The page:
Independent Living Centres: A Platform to Bring Back People to Their Lives

17 June 2022

By Assad Abbas Malik for ReLAB-HS 

Shortly after her marriage in 2012, Dr. Zaib Taj was excited to return home to visit her family in February 2012 at her father’s invitation. She was in a good mood and excited to visit her home, but as part of tradition, Zaib, the newlywed, wanted to buy some gifts for her father and family. Therefore, she asked her brother-in-law to drive her to the nearest market to buy some gifts.  

Everything was going swimmingly as we left,” Taj said. “We were on our way to the market, and I was just talking with my sister-in-law about what to get my parents. My brother-in-law was also giving me some suggestions for gifts for my father. My life was on a very normal track till the time we met with an incident,” Taj said.  

She suffered a spinal cord injury as a result of a gunshot during a road rage incident. She was permanently disabled and divorced by her husband who was unwilling to support a physically disabled wife. It was not easy for her to accept this new chapter of life. She confined herself to her home and abandoned all social activities. This years-long isolation had her feeling full of self-pity, and she even considered suicide. 

“It was not easy to recover from trauma, she said. “It took me so many years to realize that my life was no longer without a physical disability. However, it is often in the darkest skies that we see the brightest stars.” 

In 2019, Taj was connected to a Humanity & Inclusion supported Independent Living Centre (ILC) in Karachi after spending a long time at home battling her fears and trauma. She didn’t like going out in public after the incident; however, it was a new experience for her, seeing herself among a number of wheelchair users, living their lives even though they got around by wheelchairs. 

A woman sits in front of a laptop

Dr. Zaib Taj works on a presentation to deliver a counseling session at ILC.  
Photo by DWA

“When I came to this ILC, I realized that even when paralyzed, there are endless possibilities to living a quality life, she said. “I saw people and young girls working on computers, completing assignments, delivering trainings, painting, or giving speeches. It was encouraged to see this all as being one of the communities I was a part of now. I began to feel better and more encouraged with every passing day soon after arriving at this ILC. I was an introvert for the first seven years of my loneliness. However, the atmosphere at this ILC has assisted me in resuming my life.”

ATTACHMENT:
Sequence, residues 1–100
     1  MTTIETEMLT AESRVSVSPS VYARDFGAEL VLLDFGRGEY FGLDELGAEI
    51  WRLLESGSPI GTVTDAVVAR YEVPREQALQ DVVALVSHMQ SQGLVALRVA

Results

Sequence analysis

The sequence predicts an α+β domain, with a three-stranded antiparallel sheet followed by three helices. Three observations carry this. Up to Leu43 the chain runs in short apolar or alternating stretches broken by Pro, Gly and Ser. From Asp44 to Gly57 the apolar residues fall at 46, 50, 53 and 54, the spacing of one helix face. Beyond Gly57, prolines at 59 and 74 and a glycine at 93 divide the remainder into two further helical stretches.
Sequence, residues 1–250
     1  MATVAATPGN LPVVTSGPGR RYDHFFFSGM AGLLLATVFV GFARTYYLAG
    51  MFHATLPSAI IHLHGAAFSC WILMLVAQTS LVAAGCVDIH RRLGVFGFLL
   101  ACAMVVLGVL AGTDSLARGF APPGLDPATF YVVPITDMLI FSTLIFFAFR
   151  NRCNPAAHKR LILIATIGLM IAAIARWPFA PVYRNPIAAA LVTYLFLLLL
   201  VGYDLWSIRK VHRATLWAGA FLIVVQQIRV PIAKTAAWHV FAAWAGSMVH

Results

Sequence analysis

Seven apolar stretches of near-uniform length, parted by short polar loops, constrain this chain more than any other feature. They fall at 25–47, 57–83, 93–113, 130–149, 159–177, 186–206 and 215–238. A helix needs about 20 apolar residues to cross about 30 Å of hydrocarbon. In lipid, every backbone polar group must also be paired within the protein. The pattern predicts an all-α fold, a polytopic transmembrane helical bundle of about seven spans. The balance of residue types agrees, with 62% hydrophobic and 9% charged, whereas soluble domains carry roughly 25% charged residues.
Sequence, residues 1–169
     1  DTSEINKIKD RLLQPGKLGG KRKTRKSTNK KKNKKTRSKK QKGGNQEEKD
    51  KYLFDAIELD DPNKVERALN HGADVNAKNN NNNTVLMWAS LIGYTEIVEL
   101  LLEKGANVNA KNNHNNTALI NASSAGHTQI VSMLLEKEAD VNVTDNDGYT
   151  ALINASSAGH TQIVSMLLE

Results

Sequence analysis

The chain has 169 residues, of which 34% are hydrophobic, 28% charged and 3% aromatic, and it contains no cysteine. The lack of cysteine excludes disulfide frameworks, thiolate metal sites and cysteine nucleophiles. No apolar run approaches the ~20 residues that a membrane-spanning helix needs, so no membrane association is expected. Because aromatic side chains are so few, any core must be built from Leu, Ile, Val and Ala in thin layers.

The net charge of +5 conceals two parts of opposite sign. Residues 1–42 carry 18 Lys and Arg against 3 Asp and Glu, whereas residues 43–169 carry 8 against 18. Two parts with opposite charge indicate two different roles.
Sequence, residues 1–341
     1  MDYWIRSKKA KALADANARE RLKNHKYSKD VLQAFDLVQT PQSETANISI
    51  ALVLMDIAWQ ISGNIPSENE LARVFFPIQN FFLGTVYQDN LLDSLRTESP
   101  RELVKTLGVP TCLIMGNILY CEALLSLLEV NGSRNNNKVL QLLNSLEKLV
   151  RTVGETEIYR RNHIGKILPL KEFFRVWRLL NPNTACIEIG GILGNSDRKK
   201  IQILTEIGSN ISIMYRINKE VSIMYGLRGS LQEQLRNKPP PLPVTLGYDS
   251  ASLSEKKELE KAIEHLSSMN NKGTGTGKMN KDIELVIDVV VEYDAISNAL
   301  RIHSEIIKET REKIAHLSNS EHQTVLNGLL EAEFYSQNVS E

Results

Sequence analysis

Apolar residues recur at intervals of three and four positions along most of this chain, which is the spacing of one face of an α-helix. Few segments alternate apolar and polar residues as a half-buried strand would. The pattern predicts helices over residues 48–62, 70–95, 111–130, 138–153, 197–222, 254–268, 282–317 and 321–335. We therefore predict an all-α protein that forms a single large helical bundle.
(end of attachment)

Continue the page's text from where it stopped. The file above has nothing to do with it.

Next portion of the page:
Taj is now the coordinator of the women’s wing and a champion at an ILC. She has attended numerous trainings on disability and rehabilitation, and she has represented women on wheels on a variety of platforms. She represented Humanity and Inclusion at an UN-WOMEN summit on empowering women with disabilities held in Islamabad.  

In her message for women with any kind of disability, she urges them to come forward, embrace the life and unleash their hidden potential.  

 “I want to tell the people, especially women with disability to not underestimate ourselves and we should come forward to play a productive role in society and of those who need our assistance in making a path to reclaim their rights and development,” Taj said. 

A woman is being interviewed

Dr. Zaib Taj is interviewed while representing women with disabilities at an exhibition, organized by Humanity & Inclusion, in Islamabad.
Photo by DWA

Humanity & Inclusion, as part of Learning, Acting and Building for Rehabilitation in Health Systems (ReLAB-HS), is collaborating with the government of Pakistan at national and provincial levels along with other stakeholders, such as organizations of persons with disabilities, to ensure an inclusive approach to integration of rehabilitation and assistive technology in strengthened health systems. ReLAB-HS will work to organize capacity-building trainings for health professionals and users of rehabilitation and assistive technology services through various local platforms and outlets, including ILCs.  

ReLAB-HS is made possible by the generous support of the American people through the United States Agency for International Development.